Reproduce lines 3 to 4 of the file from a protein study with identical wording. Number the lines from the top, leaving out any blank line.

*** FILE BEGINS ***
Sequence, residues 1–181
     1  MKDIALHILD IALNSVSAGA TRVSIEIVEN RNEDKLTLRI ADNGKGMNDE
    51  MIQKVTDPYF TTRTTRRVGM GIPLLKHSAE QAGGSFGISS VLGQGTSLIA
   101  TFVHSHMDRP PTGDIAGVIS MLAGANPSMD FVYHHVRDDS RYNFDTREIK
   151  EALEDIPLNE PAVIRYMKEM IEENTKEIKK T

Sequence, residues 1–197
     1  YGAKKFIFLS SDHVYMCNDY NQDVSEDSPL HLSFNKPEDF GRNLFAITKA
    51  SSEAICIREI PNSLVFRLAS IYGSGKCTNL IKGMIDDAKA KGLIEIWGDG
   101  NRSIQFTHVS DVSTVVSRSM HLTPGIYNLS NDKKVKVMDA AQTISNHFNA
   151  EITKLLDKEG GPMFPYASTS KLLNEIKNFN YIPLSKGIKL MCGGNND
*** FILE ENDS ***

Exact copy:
    51  MIQKVTDPYF TTRTTRRVGM GIPLLKHSAE QAGGSFGISS VLGQGTSLIA
   101  TFVHSHMDRP PTGDIAGVIS MLAGANPSMD FVYHHVRDDS RYNFDTREIK